Mother's foot stove we used to take to church for her on cold Sunday mornings answered for them, provided the janitor had coals enough for all. But such an arrangement had not force enough for the sick room. It needed the open fire with the generous wood pile near at hand. On the lower floor most of the fireplaces were accompanied with the big brick oven at their side, where mother and sister expected they should do much of the family cooking, home baked pork and beans, brown bread and Indian pudding, fired up several times some weeks. Mother's other cooking utensils were the long handle frying pan resting on coals, or on andirons backlog, steadied usually by it long handle, nearly four feet in length, resting on back of some kitchen chair.

The Dutch oven, hanging on the fireplace crane, with its peculiar cover, so arranged that a liberal amount of hot embers could be kept on the cover, while fire beneath, near the andirons, did the rest. The tin baker or roaster had its place on the broad brick hearth, front of the open fire. Here fancy cooking and meat roasting was expected. Roasting potatoes, or much of it, was done in the hot embers, on hearth between andirons. When sufficiently cooked they were raked from the hot embers on to the broad hearth. Cook placed them on cloth kept for that purpose, shaking off the ashes, and the potatoes were ready for the table. They are cooked no better to this day.

Let me call to mind other home fixings, such as mothers and grandmothers of those times used in most family homes, adornments of their principal home room, their life work shop, the old family kitchen. There was the kitchen table, ever in its place, doing liberal service without partiality. The large, generous open fireplace, with broad brick hearth, andirons all aglow with heart from the backlogs, a large family could gather in its comforting surroundings. The fireplace crane with pothooks and trammel, pots and kettles, ever present in generous variety, shovel and tongs. Turkey or goose wings were hearth dusters. The fish oil lamp, hanging in chimney corner, or on swinging out, chimney crane, an inveterate smoker, with chimney flue for its vent.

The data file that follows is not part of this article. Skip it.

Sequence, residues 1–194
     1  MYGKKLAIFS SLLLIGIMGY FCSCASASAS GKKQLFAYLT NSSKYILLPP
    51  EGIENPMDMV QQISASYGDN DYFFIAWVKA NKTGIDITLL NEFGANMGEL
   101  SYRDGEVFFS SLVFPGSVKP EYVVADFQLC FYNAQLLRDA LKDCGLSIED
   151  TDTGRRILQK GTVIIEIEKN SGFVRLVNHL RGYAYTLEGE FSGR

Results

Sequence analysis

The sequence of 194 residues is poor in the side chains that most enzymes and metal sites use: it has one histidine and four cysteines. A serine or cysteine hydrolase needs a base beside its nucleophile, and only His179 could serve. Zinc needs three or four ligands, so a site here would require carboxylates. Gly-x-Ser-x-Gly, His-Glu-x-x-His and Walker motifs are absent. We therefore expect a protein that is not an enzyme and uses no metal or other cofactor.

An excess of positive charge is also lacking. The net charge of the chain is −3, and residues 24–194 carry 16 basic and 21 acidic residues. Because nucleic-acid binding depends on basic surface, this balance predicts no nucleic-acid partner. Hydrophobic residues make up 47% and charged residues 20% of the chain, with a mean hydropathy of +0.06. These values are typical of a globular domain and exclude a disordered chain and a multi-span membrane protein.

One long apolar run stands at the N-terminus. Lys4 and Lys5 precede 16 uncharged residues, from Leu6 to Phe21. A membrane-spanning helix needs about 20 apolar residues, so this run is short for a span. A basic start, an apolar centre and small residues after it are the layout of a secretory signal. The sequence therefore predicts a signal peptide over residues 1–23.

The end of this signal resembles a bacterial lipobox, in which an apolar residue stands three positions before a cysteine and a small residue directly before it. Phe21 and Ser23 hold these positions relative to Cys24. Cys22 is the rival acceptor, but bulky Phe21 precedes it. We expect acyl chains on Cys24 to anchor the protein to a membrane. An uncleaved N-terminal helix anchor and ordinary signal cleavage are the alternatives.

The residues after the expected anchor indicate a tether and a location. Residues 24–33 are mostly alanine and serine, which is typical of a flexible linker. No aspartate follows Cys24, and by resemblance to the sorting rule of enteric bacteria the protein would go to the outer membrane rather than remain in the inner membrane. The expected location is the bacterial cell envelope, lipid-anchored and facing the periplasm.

The home-made hemlock broom, from green hemlock boughs, used principally about the kitchen hearth and sanded floors. Then many of the working room floors were not painted but sanded.

The bellows, hanging in the chimney corner, was an important factor when kindling fire. This was before friction matches were in use. The flint and steel (usually an old file) and tinder, which was obtained by an adept method of burning cotton cloth, kept in a tin box in chimney corner or on mantel shelf, were then the common methods used for kindling fire. Some practised banking coals in embers on hearth, between andirons over night. Failing to succeed in saving fire for morning use, they begged of some neighbor who had been lucy in keeping his own over night. Such occurrences were common. I can certify to practical experiences in that line myself, when a boy. The first friction matches I ever saw, an uncle of mine, working in Boston in the middle thirties {1830s}, brought home. They were called lucifer matches, costing nine pence (12½ cents) per box, containing about fifty strips of waxed cotton cloth or tape, two inches in length by one-fourth inch in width, touched on one end with a substance that ignited easily. In the same box was a piece of sand paper, folded with sanded faces together. Place the end of the match between, with sudden pull, you have fire.